Tomorrow morning, I am leaving for a trip to Berlin, Germany and will also be spending a couple of days in Venice, Italy.  It is impossible for me to adequately express how excited I am to be going to Venice.  Ever since I learned we'd be able to go, my insides won't stop bouncing. Venice!  I am THRILLED.  Beyond thrilled.  There may not be any other place on the planet that I have more longed to see.  I plan to drink in the texture, the shade and light, the water reflections, the air and the smell and bridges and stones and churches and espressos and wine and art like it's the only thing keeping me alive, then store it up in my mind like a camel stores water.  I plan to swallow it alive.  Well, as much as can be done in 2 days.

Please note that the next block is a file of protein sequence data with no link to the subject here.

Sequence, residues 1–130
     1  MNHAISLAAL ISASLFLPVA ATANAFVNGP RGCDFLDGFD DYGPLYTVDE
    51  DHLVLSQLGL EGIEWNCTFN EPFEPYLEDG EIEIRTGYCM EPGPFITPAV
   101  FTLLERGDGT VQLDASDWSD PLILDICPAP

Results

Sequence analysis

Anyone have any recommendations for goodies I should be on the look out for to bring home?  Italian chocolates?  German jams?

I'll do my best to report back on our culinary adventures.  We'll see how well that goes (dubious).  Wish me luck!


Friday, September 10, 2010

Panchita's Mexican Criolla, New Orleans

I have a new restaurant obsession: Panchita's Mexican Criolla on South Carrollton in the Riverbend area is, by far, the best Mexican food I've had outside of California.  Ooooh, it's delicious.  Authentic, flavorful, delicious.  Handmade, fresh corn tortillas like discs of heaven.  Good beans.  Really good beans.  With lard.  So much goodness. 

Gaze upon my tostadas.  One chicken with black beans, one shredded beef with pinto beans and one bean only.  Completely fabulous tostadas.  I want to tell you about the nuances of flavor and preparation but I was too busy gobbling them up.  Bad food blogger!